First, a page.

Esbensen says that race was just another example of the runner's talent — and his abnormal pain tolerance.

"It doesn't feel good. There's a reason you don't run barefoot," Esbensen said. "But we didn't even know he lost his shoe because he just runs right through it without complaints."

Heading into his senior year and with state champion Ahmed Muhumed off to college, Slenning was determined to win the state title in his final opportunity. But throughout summer and fall training, bad news kept flying his way. First, his aunt died. Then, his dad was diagnosed with cancer.

Running helped Slenning cope with the emotional pain.

"The way I took it, running is a stress reliever and I used my emotions to focus on running. I didn't have to deal with both at once. It was more like running was helping the other side," he said.

And it worked. Slenning won six of eight races heading into the state meet, including a 12-second victory in the district race.

Throughout the season, Slenning had tried a variety of race styles —starting slow and finishing fast, or running with maximum effort from start to finish — so that he would feel comfortable no matter how the state meet unfolded. So when the leaders in this year's race set an unusually slow pace, Slenning hung back for a while before bolting ahead. Heading into the last mile, he increased his pace and turned a small lead into a large one. He wound up winning the race by seven seconds.

"We just came through the mile and nobody was really going for it, nobody really wanted to take it. I decided I might as well take it now," Slenning said.

Esbensen has headed the Wilson cross-country team since 2010 and has been involved with the program since 2004. Slenning is the first state champion he's ever coached.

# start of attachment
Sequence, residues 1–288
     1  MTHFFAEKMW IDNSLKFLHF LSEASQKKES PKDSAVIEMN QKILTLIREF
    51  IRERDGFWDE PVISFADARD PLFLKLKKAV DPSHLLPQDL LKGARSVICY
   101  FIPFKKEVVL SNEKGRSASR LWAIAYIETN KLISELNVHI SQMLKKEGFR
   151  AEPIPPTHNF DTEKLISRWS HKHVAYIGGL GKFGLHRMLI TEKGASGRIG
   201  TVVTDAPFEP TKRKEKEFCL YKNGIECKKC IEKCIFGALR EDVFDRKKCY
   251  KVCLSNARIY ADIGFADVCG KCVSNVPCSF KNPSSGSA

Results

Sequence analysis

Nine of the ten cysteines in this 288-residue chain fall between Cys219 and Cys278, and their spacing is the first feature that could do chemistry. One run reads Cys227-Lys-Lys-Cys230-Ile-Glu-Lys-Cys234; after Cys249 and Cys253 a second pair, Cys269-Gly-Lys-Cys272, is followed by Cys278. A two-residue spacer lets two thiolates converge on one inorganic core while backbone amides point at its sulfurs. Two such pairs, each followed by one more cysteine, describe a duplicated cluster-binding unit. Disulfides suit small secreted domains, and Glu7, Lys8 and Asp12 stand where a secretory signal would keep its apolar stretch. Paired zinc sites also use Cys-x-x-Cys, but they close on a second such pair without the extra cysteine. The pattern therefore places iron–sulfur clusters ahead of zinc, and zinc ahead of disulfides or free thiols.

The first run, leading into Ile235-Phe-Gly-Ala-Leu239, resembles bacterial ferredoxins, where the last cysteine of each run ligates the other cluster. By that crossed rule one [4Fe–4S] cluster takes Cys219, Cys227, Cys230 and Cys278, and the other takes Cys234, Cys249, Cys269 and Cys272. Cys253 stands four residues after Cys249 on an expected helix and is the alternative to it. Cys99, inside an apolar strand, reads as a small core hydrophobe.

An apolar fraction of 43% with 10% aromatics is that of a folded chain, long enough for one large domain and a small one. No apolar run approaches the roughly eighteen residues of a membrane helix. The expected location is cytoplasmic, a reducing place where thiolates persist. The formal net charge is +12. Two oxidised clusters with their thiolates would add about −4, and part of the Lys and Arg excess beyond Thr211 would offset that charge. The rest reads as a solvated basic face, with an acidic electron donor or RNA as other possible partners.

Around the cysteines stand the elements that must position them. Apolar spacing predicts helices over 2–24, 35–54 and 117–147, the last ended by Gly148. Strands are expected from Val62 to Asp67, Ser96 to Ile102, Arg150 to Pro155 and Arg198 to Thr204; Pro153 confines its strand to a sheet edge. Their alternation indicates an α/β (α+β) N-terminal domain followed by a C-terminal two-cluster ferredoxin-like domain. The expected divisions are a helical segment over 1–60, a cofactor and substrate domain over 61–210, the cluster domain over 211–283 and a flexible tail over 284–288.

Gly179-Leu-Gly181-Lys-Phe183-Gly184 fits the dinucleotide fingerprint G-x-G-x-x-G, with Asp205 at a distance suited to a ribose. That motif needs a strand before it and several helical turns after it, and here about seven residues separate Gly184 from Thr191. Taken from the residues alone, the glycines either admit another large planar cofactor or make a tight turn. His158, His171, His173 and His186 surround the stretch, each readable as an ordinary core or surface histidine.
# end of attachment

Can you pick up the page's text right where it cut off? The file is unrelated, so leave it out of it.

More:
"It was thrilling. It's been something he's been working toward for a long time. From a coaching perspective, to see a kid who worked as hard as Alex has worked and accomplish that goal is the reason we coach," he said.

Slenning received more good news recently. His father's cancer has receded and he will be OK. Slenning says he was relieved to hear the news.

Slenning took a few weeks off and then began preparation for track and field season, where he will likely be a state title favorite in the 3,000. Then, he will move on to the college level. He hasn't decided yet where he plans to attend.

Regardless, he will be missed.

"Alex has been a key part of our program. He has been an incredible force in our program, both as a runner and as a personality. He will be sorely missed," Esbensen said. "But we are ready to move forward. We have some really gifted young runners in our program that are prepared to step up. We are also really excited to see Alex make the transition to the next level as he competes in college."

Contact Connection reporter Corey Buchanan at 503-636-1281 ext. 105 or This email address is being protected from spambots. You need JavaScript enabled to view it.